Microsoft’s Internet Explorer 6 was released way back in 2001 and has been the browser of choice for the majority of web surfers up until the release of the version 7 incarnation in 2006.
Even now statistics show that at least 25% of visitors are still using it, and in some cases can be as high as 36% with corporate users (from figures gathered from our own servers and W3School.com). Certainly in the case of corporate users security, cost and logistic issues associated with upgrading may explain the higher figures, but there has been a steady decline in the use of IE6 amongst the general populous.
With the possible release of Internet Explorer 8 before the release of Windows 7 sometime at the end of 2009 (attributed to James Pratt, a senior product manager for Microsoft, source), the question is should web developers and the general public still be supporting and browsing with IE 6?
37signals, makers of the popular project management solution Basecamp, recently announced that they would phase out support for IE6 in August 2008. This has been considered a brave move by many, but as they have admitted themselves the continued support of this last generation browser is holding back development of better web applications. In their words, ‘…IE 6 means slower progress, less progress, and, in some places, no progress.’
In our own experience, additional time (and so costs) have been noticed in some cases involving IE6 compatibility issues. Although there are ‘hacks’ that can be placed on the design elements, these often fail scrutiny of accessibility troubleshooters such as the one found on the W3C website.
There are many references across the net urging people to upgrade their browsers from IE 6, just Google why internet explorer 6 should not be supported and you can see for yourself. Pushup is just one example of a campaign to get users to upgrade their browser to the latest versions.
In terms of security, there may be little difference between IE6 and 7 at the moment. A feature that IE7 offers that IE6 does not (by default) is ‘phishing’ protection. Phishing is where a malicious site attempts to pass itself off as another site and prompts the visitor to enter personal information which may be used for spam or worse still identity theft. This feature has been back-ported by Microsoft for IE6. Eventually Microsoft will stop supporting security updates for this browser. As for IE 8 there will be a feature that will help protect users from malicious software, also known as malware, which is software intended to cause damage to your Windows installation. It is unlikely that Microsoft will back-port this feature leaving IE6 users open to potential damage, unless pressure from corporates force Microsoft to implement these fixes. But why should they? By the end of 2009 they would have developed two new browsers since 6, and it is common practice for software manufacturers to drop support for older versions.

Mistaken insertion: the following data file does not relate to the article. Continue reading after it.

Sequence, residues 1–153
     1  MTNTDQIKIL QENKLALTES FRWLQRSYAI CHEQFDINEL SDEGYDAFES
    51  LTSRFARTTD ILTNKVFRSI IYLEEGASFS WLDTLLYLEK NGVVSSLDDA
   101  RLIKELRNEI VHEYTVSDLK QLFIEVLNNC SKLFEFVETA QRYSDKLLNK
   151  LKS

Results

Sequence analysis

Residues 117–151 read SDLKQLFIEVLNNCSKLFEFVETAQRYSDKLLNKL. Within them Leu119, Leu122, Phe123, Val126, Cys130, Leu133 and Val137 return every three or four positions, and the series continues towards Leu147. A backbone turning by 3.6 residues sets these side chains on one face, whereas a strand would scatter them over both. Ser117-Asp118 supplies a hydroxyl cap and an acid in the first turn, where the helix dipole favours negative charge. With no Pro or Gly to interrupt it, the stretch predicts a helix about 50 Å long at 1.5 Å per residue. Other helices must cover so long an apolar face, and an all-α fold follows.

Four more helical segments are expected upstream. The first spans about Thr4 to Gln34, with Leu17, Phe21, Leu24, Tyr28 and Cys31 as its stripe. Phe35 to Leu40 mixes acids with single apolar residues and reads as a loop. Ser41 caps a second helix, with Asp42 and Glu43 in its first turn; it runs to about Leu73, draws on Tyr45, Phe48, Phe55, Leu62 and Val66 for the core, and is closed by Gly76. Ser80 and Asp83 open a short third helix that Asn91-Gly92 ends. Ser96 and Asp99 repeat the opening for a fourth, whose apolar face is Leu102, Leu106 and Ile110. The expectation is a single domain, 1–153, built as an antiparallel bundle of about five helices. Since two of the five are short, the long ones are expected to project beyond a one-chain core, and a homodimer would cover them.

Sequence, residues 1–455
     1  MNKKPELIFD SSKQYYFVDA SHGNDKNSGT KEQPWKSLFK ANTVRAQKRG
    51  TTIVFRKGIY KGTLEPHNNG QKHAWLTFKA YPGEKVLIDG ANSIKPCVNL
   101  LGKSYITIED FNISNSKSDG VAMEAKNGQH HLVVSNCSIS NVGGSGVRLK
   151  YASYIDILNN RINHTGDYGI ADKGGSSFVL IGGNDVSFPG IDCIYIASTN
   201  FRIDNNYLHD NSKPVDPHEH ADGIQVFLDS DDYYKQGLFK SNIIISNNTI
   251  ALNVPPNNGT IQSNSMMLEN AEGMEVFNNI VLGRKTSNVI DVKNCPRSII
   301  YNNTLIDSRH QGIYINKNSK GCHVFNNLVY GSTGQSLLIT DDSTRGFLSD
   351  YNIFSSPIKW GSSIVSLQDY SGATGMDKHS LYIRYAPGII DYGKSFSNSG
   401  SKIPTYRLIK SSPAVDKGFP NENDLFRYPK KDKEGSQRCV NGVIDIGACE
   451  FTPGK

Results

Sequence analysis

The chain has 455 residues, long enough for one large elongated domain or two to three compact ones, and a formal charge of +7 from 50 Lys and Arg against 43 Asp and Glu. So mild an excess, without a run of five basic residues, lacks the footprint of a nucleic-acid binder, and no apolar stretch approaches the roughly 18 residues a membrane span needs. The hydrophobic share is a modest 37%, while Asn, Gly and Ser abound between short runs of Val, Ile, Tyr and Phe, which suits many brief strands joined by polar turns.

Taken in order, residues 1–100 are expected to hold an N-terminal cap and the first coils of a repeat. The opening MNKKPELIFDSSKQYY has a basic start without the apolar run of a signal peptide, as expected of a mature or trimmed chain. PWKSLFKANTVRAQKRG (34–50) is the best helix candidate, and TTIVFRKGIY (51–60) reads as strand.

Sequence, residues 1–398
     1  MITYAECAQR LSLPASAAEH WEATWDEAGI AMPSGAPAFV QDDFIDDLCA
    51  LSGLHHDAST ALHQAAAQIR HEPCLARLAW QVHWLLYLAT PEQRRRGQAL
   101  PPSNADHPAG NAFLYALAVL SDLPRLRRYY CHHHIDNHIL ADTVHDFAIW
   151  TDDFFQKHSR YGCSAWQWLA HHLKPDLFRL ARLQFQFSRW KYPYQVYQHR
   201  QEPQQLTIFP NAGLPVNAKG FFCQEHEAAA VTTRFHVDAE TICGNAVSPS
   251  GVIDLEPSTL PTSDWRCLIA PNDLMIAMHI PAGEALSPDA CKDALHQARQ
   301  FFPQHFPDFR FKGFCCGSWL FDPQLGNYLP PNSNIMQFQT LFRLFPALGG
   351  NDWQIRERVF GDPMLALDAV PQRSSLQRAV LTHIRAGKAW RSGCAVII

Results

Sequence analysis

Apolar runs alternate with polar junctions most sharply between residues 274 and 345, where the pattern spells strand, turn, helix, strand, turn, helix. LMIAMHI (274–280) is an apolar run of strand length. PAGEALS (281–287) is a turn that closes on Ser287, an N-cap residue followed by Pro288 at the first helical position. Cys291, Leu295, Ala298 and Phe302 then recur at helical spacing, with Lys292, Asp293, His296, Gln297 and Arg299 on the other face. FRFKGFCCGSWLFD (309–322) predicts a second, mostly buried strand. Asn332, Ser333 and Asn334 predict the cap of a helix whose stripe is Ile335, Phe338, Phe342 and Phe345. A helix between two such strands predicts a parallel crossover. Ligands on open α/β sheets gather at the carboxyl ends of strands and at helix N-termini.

The counter arguments to the ‘ditch IE6’ view do have some merit. Even though IE6’s share of the browser market is declining, it still has a significant minority (25% at the time of writing), this could mean that sites may be missing a third more traffic if they use technologies incompatible with IE6. However the reality is that the vast majority of technologies currently being used are compatible with IE6.
The other argument, and certainly a very important one, is in regards to the corporate user. In these situations, for whatever reasons, the user only has access to systems that cannot be upgraded to IE7 or another modern browser. To create sites that rely on technologies that IE6 is incapable of viewing would be a major oversight as a developer.
This is a difficult area, as developers we should strive to fulfill the requirements of clients, including support for whatever browser version they choose. However it would be a failing on our part not to advise on the path to upgrading.
In my own opinion there is little excuse for the general user not upgrade to Internet Explorer 7, Microsoft are even presenting IE7 as a high priority update. Other excellent offerings come from Mozilla, Firefox, the Opera browser, or even the Apple Mac OS browser Safari which has been available to Windows users for some time now. So get upgraded and prompt developers to push the web to it’s full potential!
(Small note to employees of the corporations, suggest upgrading, and start supporting a faster and more secure internet).